“Let’s Build a Drone” Project
It’s a very hot project now. Please kindly share details.
This is a great project that can be done as a one hour event, a theme for a class or club project, or as part of a 3D Modeling camp. Drones are “serious” fun: they have many applications in industry, science, and military operations.
Learn how to construct the model on the computer, then export an STL file to a 3D printer and print out the frame for the drone using our design. Put the drone together with parts that can be ordered online, and you have a real, flying mini-drone. Explore the world of drones using some of our project ideas in the lesson plans.
Once students have a little more experience with 3D Modeling, they can design their own frames or modify the NCLab prototype. Engineering design is an important job skill, and it has been integrated into the science standards.
Here are some resources to get you started:
The HOC tutorial: “Let’s Build a Drone”
Webinar video for instructors
Slide show for local trainings
Lesson plans and solutions
A price list for the parts (these are the parts we used: you may find others that meet the same specs):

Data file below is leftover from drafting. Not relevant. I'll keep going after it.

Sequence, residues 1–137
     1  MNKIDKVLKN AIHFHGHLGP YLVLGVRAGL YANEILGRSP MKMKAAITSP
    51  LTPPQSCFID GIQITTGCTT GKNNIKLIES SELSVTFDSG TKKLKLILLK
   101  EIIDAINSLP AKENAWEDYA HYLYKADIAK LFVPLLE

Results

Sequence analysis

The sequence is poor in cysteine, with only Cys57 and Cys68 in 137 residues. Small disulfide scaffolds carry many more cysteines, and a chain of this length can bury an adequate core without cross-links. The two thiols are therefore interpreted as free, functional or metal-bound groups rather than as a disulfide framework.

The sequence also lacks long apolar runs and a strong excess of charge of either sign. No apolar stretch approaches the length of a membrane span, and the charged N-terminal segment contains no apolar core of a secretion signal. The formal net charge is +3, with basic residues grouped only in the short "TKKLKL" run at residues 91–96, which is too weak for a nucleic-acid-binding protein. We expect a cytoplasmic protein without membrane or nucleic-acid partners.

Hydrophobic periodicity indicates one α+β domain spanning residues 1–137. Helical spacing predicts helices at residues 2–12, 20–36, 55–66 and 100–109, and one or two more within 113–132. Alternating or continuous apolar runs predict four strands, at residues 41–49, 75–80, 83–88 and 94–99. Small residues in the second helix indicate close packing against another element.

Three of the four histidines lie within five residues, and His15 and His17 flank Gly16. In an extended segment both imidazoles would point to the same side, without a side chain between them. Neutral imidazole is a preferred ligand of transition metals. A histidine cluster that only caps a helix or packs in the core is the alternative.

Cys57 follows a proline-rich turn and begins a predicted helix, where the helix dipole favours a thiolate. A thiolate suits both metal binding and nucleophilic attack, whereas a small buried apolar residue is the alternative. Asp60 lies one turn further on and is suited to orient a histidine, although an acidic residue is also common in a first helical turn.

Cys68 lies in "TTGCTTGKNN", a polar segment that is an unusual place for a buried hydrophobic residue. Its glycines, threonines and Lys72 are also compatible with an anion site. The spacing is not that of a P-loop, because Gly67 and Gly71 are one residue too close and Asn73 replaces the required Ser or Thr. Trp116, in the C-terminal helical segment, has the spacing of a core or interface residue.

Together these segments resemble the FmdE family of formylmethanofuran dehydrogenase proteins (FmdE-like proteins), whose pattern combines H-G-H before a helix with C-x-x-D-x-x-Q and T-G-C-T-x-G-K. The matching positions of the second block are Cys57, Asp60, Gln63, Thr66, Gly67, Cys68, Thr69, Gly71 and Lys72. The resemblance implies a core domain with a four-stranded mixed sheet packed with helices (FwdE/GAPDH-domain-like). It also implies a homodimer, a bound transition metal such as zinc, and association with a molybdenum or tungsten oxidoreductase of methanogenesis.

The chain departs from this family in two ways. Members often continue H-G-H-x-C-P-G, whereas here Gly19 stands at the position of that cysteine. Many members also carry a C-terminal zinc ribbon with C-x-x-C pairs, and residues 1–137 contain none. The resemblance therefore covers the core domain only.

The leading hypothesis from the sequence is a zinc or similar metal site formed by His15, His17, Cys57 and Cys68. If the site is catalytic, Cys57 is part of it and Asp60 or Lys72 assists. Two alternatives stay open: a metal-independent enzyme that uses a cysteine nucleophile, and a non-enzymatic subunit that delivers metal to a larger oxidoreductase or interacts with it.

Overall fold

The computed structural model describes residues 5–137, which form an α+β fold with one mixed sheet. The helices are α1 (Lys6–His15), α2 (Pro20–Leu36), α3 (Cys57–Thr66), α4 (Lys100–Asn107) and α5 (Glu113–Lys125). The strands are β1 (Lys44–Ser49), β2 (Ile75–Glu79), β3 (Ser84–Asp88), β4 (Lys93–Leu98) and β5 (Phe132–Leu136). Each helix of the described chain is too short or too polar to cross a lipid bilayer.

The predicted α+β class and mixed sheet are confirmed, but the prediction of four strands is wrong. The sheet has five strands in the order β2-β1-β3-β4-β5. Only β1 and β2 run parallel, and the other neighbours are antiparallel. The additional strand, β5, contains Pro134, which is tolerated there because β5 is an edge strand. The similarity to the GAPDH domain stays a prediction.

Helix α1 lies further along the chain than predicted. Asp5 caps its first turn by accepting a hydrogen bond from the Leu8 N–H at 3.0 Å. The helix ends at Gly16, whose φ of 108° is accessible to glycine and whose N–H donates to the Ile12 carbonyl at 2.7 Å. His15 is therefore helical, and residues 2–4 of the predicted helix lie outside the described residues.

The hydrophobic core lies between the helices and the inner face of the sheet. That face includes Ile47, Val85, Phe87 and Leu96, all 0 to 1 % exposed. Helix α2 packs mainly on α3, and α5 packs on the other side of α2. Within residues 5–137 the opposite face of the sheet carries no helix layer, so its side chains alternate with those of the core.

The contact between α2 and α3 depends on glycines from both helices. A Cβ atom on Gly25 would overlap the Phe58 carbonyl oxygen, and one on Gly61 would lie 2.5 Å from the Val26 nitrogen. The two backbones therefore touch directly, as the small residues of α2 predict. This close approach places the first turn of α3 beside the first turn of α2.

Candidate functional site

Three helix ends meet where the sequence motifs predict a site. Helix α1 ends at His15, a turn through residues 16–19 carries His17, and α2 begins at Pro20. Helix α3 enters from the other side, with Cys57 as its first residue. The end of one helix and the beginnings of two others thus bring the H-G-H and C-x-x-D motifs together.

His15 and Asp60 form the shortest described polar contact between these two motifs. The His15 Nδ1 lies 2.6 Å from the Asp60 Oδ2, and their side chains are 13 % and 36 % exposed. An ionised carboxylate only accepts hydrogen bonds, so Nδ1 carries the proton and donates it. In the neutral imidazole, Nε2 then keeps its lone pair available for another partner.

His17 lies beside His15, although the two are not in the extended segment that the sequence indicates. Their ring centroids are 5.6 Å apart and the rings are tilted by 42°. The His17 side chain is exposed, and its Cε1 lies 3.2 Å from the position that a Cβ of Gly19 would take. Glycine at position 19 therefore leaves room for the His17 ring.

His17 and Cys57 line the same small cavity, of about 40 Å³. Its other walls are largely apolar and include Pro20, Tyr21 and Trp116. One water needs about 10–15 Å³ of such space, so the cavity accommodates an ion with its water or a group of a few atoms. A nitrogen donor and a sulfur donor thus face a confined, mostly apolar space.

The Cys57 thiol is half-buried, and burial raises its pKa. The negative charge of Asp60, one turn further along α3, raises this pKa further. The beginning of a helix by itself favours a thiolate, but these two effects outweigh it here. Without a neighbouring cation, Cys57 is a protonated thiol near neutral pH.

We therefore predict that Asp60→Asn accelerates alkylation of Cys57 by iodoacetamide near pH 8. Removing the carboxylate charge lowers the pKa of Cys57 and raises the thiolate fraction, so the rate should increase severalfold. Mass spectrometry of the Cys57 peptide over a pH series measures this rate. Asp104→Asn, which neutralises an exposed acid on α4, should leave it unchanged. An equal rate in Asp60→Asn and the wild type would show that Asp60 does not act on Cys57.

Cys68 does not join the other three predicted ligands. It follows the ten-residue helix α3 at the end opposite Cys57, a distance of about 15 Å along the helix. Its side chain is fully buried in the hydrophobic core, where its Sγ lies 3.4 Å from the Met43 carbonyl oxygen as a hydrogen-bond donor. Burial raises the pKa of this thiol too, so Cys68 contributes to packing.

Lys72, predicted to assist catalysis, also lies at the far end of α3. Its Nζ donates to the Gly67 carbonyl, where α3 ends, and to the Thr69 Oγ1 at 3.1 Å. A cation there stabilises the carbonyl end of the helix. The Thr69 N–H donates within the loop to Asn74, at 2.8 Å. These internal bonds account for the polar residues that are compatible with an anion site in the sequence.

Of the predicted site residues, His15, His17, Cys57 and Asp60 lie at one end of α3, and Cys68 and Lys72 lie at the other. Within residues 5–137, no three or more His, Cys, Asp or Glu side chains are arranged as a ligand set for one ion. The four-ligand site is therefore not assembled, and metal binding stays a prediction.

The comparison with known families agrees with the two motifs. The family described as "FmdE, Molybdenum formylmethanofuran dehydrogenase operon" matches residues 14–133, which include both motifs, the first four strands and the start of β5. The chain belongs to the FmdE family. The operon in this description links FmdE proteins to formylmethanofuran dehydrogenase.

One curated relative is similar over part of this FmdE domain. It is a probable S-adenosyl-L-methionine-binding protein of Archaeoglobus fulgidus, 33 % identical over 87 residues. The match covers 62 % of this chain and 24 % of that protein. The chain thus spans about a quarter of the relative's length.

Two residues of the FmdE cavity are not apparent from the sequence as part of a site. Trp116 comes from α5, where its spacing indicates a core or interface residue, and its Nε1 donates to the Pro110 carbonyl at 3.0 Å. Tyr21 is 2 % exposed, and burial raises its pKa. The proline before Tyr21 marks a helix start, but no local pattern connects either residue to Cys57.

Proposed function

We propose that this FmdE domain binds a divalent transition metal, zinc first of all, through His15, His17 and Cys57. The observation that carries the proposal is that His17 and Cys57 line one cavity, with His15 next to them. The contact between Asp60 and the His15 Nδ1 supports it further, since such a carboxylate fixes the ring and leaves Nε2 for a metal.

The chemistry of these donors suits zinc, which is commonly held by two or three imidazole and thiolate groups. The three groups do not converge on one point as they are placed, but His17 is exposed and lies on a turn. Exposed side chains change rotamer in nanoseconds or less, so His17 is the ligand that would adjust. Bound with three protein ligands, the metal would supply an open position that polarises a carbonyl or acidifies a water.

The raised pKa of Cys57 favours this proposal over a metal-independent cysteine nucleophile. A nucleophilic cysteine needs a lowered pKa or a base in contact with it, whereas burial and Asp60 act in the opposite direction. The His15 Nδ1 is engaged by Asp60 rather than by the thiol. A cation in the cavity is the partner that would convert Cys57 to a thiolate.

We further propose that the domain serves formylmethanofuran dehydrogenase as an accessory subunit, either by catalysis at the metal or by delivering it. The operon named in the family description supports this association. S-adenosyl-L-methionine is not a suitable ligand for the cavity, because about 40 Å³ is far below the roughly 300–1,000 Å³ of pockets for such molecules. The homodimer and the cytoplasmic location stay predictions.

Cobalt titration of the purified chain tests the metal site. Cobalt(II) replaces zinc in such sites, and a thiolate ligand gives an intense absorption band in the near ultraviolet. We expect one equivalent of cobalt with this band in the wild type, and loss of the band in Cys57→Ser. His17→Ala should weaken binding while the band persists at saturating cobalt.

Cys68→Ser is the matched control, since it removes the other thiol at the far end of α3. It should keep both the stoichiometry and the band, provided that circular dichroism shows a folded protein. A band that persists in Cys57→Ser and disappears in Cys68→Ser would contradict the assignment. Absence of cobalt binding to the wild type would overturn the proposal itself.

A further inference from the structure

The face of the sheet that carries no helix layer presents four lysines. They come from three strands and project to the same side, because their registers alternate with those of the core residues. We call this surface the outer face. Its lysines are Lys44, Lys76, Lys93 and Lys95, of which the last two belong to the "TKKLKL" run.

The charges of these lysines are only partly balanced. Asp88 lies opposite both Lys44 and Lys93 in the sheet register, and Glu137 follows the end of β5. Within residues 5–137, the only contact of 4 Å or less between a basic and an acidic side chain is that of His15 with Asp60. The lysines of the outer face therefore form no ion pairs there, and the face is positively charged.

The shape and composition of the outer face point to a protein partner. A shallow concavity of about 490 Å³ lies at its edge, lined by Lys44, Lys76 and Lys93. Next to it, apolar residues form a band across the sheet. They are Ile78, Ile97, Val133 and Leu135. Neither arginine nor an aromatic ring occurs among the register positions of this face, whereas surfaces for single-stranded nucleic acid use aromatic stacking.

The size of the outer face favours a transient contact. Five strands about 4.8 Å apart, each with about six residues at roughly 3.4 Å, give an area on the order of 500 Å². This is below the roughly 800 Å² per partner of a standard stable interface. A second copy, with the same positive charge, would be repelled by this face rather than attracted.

And of course, we aren’t stopping there. Our next drone will be programmable! Stay tuned.
Are there any plans to make this drone programmable, or another programmable drone in the future?
I really enjoyed this project. Thank you very much for sharing it with us. Well done NCLab team!
Advice from a customer review on Amazon:
Protip: The main way that I check if my motor is “bad” and should be replaced is to just spin the prop (usually i flick it with my finger) and then see if it slows down quickly. Normally all 4 motors will spin pretty freely and just slow down. But if one motor is bad you will notice it stops much much sooner than the other motors. This is the sign that the motor is going bad and you should replace it soon.
A number of people have requested the STL and PLaSM files for the drone. The links are in the lesson plans, but for convenience, here they are:
Note: some slicers may ask to repair the file. Say yes. STL files sometimes have gaps or overlaps when they render, and these are corrected by the slicer. (Slicer software prepares the file for 3D printing. )
Here are the instructions for personalizing the drone frame with your initials. Cut and paste the code into the PLaSM app on your NCLab Desktop and modify the initials as you like. You can then export the new results as an STL file from the viewer menu.